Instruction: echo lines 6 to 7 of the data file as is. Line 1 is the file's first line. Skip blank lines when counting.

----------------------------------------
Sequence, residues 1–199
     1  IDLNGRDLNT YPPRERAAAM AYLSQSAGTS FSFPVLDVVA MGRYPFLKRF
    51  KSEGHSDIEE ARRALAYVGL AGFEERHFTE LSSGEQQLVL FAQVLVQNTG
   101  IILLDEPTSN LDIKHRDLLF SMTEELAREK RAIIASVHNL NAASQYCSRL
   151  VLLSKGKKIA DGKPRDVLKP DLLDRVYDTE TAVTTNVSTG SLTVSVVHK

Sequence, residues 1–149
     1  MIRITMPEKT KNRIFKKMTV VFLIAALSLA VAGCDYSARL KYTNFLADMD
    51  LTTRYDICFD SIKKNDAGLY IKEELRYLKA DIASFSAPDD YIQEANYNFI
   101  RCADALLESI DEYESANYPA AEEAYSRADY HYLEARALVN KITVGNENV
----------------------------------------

Sequence, residues 1–149
     1  MIRITMPEKT KNRIFKKMTV VFLIAALSLA VAGCDYSARL KYTNFLADMD